KER.equinews.com - Full Article
By Kentucky Equine Research Staff · December 28, 2012
All horses must eat, and most horses must perform some type of work. A complex relationship exists between the type and amount of feed given, the duration and intensity of work expected of the horse, the impact of feeding on the digestive system, and the impact of exercise on gut function and nutrient digestibility.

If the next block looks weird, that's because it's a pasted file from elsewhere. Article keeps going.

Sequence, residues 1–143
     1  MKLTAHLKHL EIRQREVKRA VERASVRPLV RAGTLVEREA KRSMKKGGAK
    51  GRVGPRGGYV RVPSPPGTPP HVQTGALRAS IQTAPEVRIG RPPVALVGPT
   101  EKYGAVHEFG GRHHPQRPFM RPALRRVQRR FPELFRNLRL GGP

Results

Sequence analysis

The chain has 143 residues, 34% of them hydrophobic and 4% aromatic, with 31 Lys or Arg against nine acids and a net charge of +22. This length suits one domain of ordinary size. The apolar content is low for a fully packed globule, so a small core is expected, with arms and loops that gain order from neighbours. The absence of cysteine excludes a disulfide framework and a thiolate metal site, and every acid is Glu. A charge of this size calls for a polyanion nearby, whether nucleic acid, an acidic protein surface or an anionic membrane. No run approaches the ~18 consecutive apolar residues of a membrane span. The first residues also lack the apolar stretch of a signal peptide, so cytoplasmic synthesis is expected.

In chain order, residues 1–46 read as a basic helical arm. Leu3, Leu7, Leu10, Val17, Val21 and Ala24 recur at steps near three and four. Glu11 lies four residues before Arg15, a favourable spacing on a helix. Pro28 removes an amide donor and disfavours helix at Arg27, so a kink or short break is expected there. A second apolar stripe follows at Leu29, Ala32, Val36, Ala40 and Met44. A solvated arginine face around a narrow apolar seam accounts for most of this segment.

Anyone who has fed horses realizes that these animals have a profound cardiovascular response to feeding. The noise associated with rattling buckets in a feed room can send a stable of horses into a frenzy. This phase of feeding is known in the scientific literature as the anticipation/ingestion phase. The anticipation/ingestion phase begins when the animal becomes aware of an upcoming feeding and continues during ingestion of food, gradually decreasing after the food has been eaten. In ponies, the cardiovascular response to feeding remains elevated for more than one hour following consumption of a grain meal...
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